As I explained in one of my previous posts, a Brain Computer Interface (BCI) is a direct communication pathway connecting the brain to a computer or other external device. BCIs do not depend on the brain’s normal action pathways through peripheral nerves and muscles. This makes them the ideal technology to develop systems assisting or repairing human cognitive or sensory-motor function. There are a varieity of different BCI modalities although the most commonly used are motor imagery, P300 and steady state visual evoked potentials. In this post I’d like to focus on SSVEP describing SSVEPs themselves, SSVEP-based BCI systems and presenting the most commonly used SSVEP detection methodology. SSVEP-based BCIs offer two main advantages over other BCIs: they have a larger information transfer rate, and they require a shorter calibration time.
Let’s start introducing what SSVEPs are. Steady state visual evoked potentials are a resonance phenomenon occurring in the brain that can be measured in the EEG. It occurs when a person is focusing his/her visual attention on a flickering light source. When SSVEP is elicited, oscillatory components can be observed in the EEG that match the stimulation frequency and its harmonics. This effect is mainly observed in the visual cortex, the part of the cerebral cortex responsible for processing visual information, shown in the next figure.
SSVEP response depends to a great extent on the characteristics of the stimulation source. The stimulation source’s color, intensity, duty cycle and especially flickering frequency all modulate the SSVEP response. Two types of stimulation sources can be used for the construction of a SSVEP-based BCI application:
- Software Stimulation Sources: In these sources the visual stimulation is presented on a screen and is controlled by a piece of software running on a computer. They usually consist of alternate chessboard patterns. These sources have two main constrictions, 1- current TFT technology is not appropriate for presenting high frequency patterns (not as old CRT monitors) 2- It is difficult to generate an accurate, stable high frequency pattern via software due to the operating system layer that manages the priorities of all running processes.
- Dedicated Stimulation Sources: These sources are usually built as LEDs illuminating a diffusion panel where the stimulation intensity and waveform is controlled by dedicated hardware. This option, if well implemented, achieves the best performance in terms of frequency stability being able to present high stimulation frequency patterns.
A typical SSVEP-based BCI system with degrees of freedom employs independent light sources flickering at different frequencies. Each light source is associated to a particular action to be commanded and therefore during the visual stimulation the user looks at the light source that is associated to the action he/she would like the controlled system to perform. When the SSVEP response is measured in the EEG two main characteristics appear:
- The EEG energy at the stimulation frequency and/or its harmonics increases. Imagine a person is looking at a light source flickering 12 times per second. The energy measured in the EEG at 12, 24, 36… hertz increases compared to the energy measured without visual stimulation.
- EEG phase components at the stimulation frequency and its harmonics are time-locked with the stimulation source. Again imagine we have a stimulation light source at 12 Hz. The EEG component at 12 Hz is coupled with the stimulation light source.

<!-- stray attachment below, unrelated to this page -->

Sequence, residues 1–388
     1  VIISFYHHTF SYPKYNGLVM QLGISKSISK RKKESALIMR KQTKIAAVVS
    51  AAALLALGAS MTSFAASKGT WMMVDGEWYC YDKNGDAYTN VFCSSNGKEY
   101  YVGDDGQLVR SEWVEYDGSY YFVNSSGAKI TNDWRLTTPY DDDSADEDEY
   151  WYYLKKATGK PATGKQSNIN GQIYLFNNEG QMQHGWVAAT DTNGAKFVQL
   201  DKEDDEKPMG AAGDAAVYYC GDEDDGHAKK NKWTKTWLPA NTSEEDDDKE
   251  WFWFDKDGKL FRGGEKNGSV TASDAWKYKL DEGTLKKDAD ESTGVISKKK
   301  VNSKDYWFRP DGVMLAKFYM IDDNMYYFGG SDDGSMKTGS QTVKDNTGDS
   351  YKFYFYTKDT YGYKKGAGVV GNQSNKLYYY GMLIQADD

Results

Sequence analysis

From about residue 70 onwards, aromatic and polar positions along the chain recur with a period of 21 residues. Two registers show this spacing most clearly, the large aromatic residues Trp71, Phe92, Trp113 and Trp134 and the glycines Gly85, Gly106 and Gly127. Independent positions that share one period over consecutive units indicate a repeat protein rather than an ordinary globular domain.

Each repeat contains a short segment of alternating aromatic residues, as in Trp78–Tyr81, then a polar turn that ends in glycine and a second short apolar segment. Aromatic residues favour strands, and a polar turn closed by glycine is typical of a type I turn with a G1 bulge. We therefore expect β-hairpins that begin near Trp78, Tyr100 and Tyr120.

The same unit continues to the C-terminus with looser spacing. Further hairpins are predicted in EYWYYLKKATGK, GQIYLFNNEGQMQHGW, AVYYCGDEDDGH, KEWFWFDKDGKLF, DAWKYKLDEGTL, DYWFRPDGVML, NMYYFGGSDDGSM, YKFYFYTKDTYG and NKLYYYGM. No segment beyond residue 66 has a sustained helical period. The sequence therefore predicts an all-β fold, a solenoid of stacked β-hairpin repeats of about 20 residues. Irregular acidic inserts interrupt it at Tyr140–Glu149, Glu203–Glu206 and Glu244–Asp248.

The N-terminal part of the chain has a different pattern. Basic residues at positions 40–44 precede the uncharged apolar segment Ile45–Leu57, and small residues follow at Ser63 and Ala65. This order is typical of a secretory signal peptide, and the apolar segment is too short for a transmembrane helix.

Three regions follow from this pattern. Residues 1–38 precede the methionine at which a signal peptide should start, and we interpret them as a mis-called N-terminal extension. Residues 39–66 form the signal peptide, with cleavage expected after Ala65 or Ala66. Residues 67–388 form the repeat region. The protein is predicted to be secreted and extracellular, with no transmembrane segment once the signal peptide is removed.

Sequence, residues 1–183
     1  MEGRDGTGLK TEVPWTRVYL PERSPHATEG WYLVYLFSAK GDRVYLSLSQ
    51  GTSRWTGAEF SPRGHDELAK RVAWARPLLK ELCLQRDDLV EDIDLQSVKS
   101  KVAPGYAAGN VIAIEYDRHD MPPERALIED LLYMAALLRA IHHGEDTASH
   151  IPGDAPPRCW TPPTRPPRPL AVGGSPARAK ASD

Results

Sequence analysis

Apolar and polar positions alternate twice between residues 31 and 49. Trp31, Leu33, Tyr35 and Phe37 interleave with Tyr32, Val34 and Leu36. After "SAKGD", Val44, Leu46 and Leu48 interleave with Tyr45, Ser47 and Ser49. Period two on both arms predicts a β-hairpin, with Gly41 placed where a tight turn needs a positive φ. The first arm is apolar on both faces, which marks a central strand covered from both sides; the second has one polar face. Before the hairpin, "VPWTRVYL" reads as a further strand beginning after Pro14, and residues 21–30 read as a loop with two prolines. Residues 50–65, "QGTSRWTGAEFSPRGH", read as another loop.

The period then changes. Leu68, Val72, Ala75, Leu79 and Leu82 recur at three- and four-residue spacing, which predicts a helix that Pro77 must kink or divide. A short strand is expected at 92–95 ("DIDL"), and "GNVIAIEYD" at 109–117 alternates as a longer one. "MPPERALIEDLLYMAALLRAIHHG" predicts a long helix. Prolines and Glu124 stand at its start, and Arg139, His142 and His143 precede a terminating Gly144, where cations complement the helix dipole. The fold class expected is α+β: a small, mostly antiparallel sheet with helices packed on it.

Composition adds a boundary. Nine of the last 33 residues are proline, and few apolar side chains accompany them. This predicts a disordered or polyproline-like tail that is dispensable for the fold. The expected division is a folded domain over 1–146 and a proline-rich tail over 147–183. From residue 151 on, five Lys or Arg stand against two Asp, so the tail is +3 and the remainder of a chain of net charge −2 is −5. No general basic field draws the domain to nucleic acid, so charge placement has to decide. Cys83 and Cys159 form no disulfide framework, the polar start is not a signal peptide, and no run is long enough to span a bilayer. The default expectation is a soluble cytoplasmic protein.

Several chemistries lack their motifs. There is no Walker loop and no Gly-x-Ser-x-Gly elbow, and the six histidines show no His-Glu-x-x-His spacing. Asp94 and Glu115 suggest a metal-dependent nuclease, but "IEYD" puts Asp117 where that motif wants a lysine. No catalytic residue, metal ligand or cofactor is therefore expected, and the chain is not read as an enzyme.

In a practical application we will have different sources flickering at different frequencies and we will have to detect which one elicited an evoked potential. We already know that SSVEP is originated in the visual cortex. If we want to measure the elicited visual response we shall therefore place some EEG electrodes in the occipital area. The first problem to be addressed is how to detect the presence of the SSVEP response when using multiple electrode signals. There are several solutions for this: take the electrode where the response is the largest, average the response along all the occipital area or use spatial filters that enhance the SSVEP response while minimizing the background brain activity and noise.
A commonly used approach to measure the EEG response is to study the frequency increase at the stimulation frequency and its harmonics. To do so we can apply the Fourier transform. The Fourier transform (FT) is a mathematical transformation employed to transform time signals into the frequency domain. If we have a time-locked period in which we want to evaluate which stimulation light source the subject was looking at, we can apply FT-based methods to extract the spectral response of the period. The following figure shows the spectral response of a 12Hz visual stimulation in which we can observe that the energy at 12 and 24 Hz is larger than in other frequencies. The stimulation frequency detection looking at the picture seems straightforward but in reality SSVEP detection over subjects with weaker response and in short-time periods can become very difficult. That’s why detection often needs methodologies such as complex classifiers and machine learning techniques.
One important issue to take into account is that the SSVEP response is a subject-dependent phenomenon where the stimulation frequencies that elicit a large response for a given person may not elicit any response in another individual. Therefore it is very important to tune our BCI system for every person using the flickering frequencies that we know that elicit a large response in order to improve the feasibility of our system.
SSVEPs have gained great interest in recent years and have been used in a wide variety of applications, from gaming to assistive technologies aiming to help people with physical disabilities. I am really curious about the BCI applications that we will witness in the coming years…